In the 2021-2022 fiscal year, a total of 3056 immigrants and asylum seekers were detained by the Canadian Border Services Agency (CBSA). Under the pretext of national security or public protection, immigrant detention effectively criminalizes individuals who may not actually possess any criminal record. Compared to the determinate sentencing practices in the criminal justice realm, immigrant detainees are subject to detention for an indeterminate length—meaning that it’s possible for them to spend more time detained than an individual convicted of a crime.

The justifications for detention generally vary, but it is common for individuals who are refused permission to enter Canada, those awaiting deportation, individuals awaiting an admissibility hearing, or individuals who have violated the terms of their visas. Applying risk-based justifications, the use of detention is often considered as a last resort; yet, what counts as risky is up to the discretion of CBSA officers and immigration officials. Table 1 provides a breakdown of the number of people detained by the CBSA based on the reason for their detention.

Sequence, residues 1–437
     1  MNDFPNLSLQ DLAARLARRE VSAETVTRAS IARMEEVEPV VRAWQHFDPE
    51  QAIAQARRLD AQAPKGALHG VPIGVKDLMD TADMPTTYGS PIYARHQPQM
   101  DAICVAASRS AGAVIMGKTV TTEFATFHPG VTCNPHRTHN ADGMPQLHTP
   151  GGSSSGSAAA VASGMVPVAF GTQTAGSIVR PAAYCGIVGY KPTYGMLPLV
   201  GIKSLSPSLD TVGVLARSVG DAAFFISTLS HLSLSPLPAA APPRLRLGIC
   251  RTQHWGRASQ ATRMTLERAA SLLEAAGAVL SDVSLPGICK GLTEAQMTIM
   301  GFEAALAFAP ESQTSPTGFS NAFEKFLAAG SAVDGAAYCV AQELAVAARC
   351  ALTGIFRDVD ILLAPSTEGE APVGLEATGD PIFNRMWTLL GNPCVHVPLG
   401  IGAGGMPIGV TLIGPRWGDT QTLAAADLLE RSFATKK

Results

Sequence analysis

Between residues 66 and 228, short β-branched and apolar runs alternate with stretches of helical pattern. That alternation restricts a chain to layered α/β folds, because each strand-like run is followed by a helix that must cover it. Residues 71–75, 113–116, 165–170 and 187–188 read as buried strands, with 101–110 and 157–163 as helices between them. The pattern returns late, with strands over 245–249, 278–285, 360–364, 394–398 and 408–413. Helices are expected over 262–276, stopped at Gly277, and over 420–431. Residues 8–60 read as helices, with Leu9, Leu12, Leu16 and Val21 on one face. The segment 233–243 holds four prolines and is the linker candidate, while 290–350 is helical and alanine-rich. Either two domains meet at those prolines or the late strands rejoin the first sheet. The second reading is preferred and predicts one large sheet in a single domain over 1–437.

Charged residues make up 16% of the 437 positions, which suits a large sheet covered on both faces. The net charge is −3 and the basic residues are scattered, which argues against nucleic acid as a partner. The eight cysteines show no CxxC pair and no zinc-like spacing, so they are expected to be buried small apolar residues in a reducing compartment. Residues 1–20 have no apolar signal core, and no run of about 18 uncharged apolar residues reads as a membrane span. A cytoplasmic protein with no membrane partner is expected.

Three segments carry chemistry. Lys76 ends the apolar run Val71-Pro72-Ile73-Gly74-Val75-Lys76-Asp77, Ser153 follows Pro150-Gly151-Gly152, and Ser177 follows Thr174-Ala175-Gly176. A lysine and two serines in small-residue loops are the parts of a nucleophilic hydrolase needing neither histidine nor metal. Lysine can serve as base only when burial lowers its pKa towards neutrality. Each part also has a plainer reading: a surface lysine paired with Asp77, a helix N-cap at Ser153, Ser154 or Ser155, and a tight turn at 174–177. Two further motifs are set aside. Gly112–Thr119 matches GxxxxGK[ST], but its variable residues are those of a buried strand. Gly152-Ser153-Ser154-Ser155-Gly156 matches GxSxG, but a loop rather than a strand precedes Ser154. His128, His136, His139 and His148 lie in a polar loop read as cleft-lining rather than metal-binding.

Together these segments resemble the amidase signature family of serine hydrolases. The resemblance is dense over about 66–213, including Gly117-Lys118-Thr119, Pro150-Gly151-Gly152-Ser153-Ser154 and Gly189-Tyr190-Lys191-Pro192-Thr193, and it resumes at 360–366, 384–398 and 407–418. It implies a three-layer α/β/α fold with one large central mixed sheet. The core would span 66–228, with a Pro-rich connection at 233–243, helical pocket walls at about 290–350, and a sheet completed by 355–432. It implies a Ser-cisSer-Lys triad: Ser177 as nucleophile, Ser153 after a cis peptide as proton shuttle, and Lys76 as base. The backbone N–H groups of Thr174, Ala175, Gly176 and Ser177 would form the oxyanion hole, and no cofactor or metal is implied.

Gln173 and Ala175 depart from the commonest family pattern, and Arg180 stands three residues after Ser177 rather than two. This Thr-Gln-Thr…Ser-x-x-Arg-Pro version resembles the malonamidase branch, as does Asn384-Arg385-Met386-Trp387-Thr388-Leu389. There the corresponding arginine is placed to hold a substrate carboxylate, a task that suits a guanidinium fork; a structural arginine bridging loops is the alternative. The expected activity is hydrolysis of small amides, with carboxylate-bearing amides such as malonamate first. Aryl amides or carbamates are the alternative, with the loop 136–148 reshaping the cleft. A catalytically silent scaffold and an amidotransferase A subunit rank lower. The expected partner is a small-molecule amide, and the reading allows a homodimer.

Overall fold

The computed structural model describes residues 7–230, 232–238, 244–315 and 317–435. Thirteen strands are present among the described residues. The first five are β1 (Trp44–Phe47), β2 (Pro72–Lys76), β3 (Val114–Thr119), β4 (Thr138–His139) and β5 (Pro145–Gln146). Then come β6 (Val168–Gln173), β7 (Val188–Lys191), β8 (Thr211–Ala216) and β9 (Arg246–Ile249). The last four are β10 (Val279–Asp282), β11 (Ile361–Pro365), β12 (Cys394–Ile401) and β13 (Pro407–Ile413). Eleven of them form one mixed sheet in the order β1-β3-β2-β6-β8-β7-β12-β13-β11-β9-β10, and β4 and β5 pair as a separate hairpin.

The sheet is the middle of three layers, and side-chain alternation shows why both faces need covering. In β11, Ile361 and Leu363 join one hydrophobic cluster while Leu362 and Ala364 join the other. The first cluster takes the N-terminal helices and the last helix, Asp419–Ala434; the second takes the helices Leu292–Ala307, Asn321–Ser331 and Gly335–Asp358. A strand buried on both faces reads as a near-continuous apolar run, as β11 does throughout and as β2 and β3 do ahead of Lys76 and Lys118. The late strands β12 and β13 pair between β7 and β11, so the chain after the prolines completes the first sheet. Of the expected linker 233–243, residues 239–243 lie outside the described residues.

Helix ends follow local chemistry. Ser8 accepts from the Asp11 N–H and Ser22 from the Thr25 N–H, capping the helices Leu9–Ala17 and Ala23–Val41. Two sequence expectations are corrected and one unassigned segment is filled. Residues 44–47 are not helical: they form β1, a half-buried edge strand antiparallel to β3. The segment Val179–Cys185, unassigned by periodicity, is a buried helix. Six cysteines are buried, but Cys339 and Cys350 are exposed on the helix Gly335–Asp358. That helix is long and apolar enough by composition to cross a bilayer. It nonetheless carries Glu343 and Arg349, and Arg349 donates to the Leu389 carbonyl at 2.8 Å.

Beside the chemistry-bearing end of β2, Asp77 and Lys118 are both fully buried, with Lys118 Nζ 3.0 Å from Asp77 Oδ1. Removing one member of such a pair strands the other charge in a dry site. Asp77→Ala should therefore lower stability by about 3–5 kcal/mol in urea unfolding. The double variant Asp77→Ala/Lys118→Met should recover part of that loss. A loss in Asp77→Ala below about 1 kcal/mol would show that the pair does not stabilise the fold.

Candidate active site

a table showing grounds for detention
Data source: CBSA Annual Detention Statistics

Of the 3056 immigrant detainees in 2021-2022, only 11% of them were perceived as a danger to the public. The majority (82%) were detained because they were deemed unlikely to appear for a hearing or examination. Whereas discourses of public protection and national security could be used to justify the detention of those who pose a danger to the public or possess a criminal record, the detention of immigrants who are unlikely to appear is especially problematic given the detention landscape in Canada. 

Where are immigrant detainees placed?

The practice of immigrant detention is further complicated by the fact that there are only three immigration holding centres (IHC) across Canada: Laval, Quebec; Surrey, British Columbia; and Toronto, Ontario. They can hold 153, 70, and 183 detainees, respectively. These facilities detain families and individuals, but mimic traditional elements of detention through the use of surveillance, barbed-wire fences, and uniformed guards. An individual can be detained outside of these three metropolitan areas, if the IHCs reach maximum capacity, or if an immigrant is deemed “high risk”; in these cases, they can be placed in provincial correctional facilities or other facilities operated by law enforcement.